The white cape at 517 Post Road in Greenland, the site of the deadly scene, was cleared Tuesday of police investigators. Plywood covered windows, and an empty flower pot dangled from the porch roof.

Mutrie had lived at the house since 2006; his father had bought it for him. Mutrie, a former volunteer firefighter, had prior police encounters, including a 2006 arrest in Portsmouth on accusations of punching a bouncer in the head.

In the affidavit, dated April 9, an undercover investigator for the New Hampshire attorney general’s Drug Task Force said police began investigating drug activity at the house in July 2010.

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The Globe previously reported that police officers had visited the house that month when Mutrie’s girlfriend at the time said she wanted a restraining order issued and told them that Mutrie kept at least five guns in his home, in his car, and on his body, according to police records.

Inside the home, police found vials containing powders and liquid labeled with the names of anabolic steroids, along with a scale. Returning with a warrant, police found guns and ammunition and confiscated the substances, which the state crime lab later confirmed to be anabolic steroids. Mutrie agreed to turn his guns over to police, according to a report filed by Officer Wayne M. Young. Mutrie was found guilty of assault at Portsmouth District Court and given a suspended sentence and ordered to submit to an anger-management evaluation. He appealed that decision; a hearing was scheduled for June.

The drug case, for which Mutrie was out on $10,000 bail, was scheduled for trial in September.

According to the affidavit released yesterday, in February 2011, neighbors complained to police of cars coming and going, which led them to believe Mutrie was dealing drugs out of the house.

In one instance, “they heard Mutrie yell into the phone, ‘How much an ounce.’ ’’ After making this statement, Mutrie looked around and reentered his residence,’’ the affidavit states.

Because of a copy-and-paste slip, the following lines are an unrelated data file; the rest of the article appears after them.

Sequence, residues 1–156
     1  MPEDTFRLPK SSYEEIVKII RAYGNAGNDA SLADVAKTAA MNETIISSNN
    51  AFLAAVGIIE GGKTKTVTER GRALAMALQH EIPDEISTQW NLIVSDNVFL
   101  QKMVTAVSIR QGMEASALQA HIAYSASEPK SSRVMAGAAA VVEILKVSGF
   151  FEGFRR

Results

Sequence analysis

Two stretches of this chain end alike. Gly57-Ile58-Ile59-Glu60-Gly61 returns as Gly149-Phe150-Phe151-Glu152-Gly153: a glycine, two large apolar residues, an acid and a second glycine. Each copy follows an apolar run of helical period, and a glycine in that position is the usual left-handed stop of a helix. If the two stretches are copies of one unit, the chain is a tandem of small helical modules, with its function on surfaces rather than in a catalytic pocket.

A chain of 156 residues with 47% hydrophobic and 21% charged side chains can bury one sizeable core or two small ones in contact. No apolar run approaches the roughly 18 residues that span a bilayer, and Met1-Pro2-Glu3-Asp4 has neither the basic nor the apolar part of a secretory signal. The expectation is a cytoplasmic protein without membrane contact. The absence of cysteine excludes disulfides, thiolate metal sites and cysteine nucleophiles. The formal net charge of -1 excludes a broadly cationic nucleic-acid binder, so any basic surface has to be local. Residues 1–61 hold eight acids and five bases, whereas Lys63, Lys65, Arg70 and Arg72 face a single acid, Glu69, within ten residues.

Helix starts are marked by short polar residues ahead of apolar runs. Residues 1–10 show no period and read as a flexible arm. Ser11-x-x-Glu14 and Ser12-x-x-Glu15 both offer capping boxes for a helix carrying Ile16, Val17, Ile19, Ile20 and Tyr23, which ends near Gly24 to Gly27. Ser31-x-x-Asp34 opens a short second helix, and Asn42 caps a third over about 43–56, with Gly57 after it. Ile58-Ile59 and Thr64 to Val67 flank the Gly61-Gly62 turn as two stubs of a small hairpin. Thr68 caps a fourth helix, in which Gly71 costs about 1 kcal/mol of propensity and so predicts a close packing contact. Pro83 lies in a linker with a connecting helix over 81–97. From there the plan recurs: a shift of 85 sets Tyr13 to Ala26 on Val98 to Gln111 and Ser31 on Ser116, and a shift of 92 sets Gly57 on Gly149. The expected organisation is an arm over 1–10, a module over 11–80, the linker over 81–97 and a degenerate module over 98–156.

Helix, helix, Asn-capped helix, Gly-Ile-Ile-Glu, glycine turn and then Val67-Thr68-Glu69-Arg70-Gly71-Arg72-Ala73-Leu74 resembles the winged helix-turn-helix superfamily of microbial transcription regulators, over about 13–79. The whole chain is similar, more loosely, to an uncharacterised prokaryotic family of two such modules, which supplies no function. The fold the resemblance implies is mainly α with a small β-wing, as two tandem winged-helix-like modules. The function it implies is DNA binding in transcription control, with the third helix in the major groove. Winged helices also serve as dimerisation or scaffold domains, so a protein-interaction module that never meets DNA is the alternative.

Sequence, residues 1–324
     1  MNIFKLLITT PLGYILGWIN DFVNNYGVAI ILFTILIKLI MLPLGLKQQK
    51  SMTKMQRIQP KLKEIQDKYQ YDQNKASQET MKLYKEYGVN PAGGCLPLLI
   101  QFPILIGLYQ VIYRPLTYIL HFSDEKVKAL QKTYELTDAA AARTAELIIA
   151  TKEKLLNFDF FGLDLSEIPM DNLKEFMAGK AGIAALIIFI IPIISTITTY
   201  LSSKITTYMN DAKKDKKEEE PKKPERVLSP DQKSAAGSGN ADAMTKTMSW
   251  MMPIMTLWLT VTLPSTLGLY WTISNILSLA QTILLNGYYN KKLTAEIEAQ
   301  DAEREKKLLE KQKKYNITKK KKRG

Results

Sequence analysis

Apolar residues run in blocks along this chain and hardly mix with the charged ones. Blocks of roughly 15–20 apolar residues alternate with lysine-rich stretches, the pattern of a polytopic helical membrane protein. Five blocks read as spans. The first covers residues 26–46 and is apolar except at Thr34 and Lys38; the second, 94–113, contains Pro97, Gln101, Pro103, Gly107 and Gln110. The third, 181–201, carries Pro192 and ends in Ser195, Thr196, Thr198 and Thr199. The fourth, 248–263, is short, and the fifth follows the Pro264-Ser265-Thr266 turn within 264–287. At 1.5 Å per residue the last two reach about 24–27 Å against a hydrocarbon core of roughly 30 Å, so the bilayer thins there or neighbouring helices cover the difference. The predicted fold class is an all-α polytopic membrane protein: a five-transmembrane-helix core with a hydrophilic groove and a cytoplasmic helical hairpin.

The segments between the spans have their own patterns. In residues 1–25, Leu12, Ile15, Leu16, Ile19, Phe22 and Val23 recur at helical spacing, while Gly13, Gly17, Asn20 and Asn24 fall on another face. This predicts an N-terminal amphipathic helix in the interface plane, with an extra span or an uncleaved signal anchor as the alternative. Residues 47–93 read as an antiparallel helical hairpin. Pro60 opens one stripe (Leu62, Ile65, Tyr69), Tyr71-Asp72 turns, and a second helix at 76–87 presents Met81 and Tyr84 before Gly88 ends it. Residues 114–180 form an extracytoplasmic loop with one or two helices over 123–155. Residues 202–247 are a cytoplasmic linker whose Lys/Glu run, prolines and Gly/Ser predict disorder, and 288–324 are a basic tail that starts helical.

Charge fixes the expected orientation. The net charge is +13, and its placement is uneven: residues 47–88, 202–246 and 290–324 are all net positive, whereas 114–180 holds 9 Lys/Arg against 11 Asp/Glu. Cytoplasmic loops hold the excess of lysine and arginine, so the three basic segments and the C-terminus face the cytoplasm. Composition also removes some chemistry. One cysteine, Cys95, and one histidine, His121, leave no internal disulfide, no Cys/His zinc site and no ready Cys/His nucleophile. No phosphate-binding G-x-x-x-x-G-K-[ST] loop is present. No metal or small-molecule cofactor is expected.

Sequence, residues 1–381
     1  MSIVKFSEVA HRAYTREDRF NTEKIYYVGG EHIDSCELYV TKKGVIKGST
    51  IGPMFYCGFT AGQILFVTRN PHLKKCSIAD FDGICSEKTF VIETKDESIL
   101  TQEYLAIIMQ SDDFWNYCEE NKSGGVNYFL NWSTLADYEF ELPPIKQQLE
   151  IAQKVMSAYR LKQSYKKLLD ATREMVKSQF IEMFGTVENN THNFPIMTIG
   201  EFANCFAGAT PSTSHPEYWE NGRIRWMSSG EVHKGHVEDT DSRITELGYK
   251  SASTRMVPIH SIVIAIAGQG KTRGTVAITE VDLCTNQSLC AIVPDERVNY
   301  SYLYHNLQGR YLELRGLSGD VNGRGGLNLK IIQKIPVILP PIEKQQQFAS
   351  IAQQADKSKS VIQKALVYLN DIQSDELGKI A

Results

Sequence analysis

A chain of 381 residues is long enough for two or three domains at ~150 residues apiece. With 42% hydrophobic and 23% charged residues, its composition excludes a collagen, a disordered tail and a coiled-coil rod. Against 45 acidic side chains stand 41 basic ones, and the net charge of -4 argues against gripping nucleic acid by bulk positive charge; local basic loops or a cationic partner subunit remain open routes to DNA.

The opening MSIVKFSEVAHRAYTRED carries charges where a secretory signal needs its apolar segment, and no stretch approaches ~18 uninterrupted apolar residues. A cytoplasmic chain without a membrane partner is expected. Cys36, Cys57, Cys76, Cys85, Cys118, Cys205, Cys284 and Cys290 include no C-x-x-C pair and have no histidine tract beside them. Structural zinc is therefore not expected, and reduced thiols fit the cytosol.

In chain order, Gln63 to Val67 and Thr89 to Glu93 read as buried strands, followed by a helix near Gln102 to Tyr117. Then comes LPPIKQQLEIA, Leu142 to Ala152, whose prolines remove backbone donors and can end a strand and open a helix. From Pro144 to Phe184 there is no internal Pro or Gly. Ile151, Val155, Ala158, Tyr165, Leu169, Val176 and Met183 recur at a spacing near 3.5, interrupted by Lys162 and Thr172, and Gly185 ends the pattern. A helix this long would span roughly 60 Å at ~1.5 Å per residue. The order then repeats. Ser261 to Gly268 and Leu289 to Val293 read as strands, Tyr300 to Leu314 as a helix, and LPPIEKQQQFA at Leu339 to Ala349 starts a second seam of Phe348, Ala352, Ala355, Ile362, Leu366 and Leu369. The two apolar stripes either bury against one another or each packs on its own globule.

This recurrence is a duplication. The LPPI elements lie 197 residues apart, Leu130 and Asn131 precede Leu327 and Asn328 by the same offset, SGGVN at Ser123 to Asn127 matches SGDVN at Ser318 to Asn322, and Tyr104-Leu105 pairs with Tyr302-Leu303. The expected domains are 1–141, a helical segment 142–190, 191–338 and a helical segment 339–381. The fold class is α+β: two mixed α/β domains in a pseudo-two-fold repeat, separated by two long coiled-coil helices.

In September of that year, police discovered a “significant number of packages’’ being delivered to the house. The return address listed “Curtis Mutrie’’ of “Lauderdale.’’ “Mailers of controlled substances usually indicate a fictitious return address or name on packages in order to hide their true identity from law enforcement,’’ the affidavit states.

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On Jan. 29, 2012, the investigator met with a confidential source who said Mutrie and his girlfriend were dealing upwards of 500 oxycodone pills every few days out of his house.

That week, drug task force agents and detectives used the confidential source to arrange a purchase of 30 milligrams of oxycodone hydrochloride pills from Mutrie and his girlfriend for $250. That same day the confidential source bought the pills from Brittany Tibbetts, the documents said.

On March 27, undercover detectives watched the house and saw cars coming and going. Several cars were registered to people who had been charged with drug transportation or possession.

Based on that information, the undercover investigator said a search warrant was needed to look for the drugs at the house.

A wake for Maloney will be held Wednesday from 5 to 9 p.m. at Remick and Gendron Funeral Home in Hampton. The memorial service is scheduled to begin at 10:30 a.m. Thursday.


Maria Cramer of the Globe staff contributed to this report. Sarah Schweitzer can be reached at sschweitzer@globe.com.